During my dissertation research, I have focused on developing a volatile chemical treatment to reduce potato plant insect damage. The most devastating herbivore of
potatoes and others in this family is the Colorado potato beetle, which causes wide-spread damage across North America, Europe and Asia. The critical need to develop new treatments for Colorado potato beetle is amplified by the fact that they are rapidly developing resistance to conventional pesticides.
With a fascination for applied chemical ecology and product development, my primary goal during my PhD was to develop a volatile chemical treatment that was effective, certified for organic agriculture, easy to use and affordable. The potential for a new treatment for this crop pest was supported by previous research, showing that the beetles consume less plant material when exposed to a common predator, however the mechanisms behind this effect were not clear. After numerous lab and large-scale field trials, a scent gland of the male predators was found to be a primary driver of the beetle behavior. A synthetic version of the gland was tested, and after documenting a more consistent response than the live predator treatment, a pheromone release device was developed and tested in a farm setting.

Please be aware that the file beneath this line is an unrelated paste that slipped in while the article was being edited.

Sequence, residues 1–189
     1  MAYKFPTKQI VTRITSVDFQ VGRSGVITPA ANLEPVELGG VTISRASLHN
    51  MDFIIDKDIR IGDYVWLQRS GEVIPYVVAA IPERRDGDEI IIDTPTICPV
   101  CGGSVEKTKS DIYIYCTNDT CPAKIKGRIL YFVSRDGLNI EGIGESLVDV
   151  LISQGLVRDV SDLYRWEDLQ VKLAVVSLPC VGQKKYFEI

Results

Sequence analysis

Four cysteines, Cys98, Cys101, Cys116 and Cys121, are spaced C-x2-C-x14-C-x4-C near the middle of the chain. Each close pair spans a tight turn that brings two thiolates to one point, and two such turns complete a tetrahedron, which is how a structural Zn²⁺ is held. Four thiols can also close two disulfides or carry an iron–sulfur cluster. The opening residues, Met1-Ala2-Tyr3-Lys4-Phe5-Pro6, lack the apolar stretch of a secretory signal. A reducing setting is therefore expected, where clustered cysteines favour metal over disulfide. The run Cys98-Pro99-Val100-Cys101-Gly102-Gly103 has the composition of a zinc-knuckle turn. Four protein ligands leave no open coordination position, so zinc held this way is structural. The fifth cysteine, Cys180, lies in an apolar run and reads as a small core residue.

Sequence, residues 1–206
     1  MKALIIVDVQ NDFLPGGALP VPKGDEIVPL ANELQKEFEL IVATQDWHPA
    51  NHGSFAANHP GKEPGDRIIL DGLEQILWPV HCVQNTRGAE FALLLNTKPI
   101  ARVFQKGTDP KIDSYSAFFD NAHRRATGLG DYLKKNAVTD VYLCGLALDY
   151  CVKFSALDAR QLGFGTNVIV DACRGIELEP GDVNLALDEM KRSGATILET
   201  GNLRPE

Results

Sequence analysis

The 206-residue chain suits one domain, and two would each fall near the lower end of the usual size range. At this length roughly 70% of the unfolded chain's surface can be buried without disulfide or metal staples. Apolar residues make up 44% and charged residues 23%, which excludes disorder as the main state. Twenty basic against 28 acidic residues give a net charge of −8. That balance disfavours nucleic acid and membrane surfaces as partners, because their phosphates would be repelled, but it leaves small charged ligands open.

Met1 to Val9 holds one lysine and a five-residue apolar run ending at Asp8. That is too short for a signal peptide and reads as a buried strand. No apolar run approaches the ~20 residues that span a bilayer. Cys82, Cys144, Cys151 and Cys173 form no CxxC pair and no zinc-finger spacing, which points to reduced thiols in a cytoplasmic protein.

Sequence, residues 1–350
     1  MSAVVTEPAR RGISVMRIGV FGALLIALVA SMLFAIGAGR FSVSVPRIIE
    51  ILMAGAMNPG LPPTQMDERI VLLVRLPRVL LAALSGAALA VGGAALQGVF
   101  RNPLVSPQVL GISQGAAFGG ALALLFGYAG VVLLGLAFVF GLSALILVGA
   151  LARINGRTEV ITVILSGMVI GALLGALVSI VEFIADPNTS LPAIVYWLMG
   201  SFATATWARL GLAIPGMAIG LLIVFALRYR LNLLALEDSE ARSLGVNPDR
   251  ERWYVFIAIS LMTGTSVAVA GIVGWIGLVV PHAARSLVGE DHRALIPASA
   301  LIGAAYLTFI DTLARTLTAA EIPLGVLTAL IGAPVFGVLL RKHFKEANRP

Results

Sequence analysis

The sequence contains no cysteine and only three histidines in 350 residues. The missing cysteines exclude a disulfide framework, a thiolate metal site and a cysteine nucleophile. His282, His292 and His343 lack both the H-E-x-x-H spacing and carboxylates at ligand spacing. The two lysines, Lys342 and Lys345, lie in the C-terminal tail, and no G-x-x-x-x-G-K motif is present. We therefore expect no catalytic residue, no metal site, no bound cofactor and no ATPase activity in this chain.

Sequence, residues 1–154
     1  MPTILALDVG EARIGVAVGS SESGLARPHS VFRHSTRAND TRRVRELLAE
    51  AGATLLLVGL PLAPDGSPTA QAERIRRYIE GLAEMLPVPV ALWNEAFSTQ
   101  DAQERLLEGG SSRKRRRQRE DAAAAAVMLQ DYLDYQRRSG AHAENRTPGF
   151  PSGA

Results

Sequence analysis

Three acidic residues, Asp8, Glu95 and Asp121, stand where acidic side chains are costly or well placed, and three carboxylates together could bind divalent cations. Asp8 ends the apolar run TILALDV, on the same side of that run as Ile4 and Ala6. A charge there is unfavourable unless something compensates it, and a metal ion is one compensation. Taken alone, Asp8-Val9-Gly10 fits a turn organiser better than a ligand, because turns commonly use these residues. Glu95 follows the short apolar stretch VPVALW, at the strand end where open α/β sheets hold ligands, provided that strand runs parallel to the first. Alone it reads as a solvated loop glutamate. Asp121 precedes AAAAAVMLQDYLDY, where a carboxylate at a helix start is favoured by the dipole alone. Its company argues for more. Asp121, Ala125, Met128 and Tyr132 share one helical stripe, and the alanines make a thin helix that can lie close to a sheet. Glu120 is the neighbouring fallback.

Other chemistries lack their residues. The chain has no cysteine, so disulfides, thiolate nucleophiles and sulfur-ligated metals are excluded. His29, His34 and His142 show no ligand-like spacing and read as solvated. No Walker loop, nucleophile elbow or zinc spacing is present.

In 2019, I initiated the USDA National Organic Program compliance process to get the pheromone blend certified for use in organic agriculture. In 2020 the synthetic pheromone blend was approved and ready for farm deployment.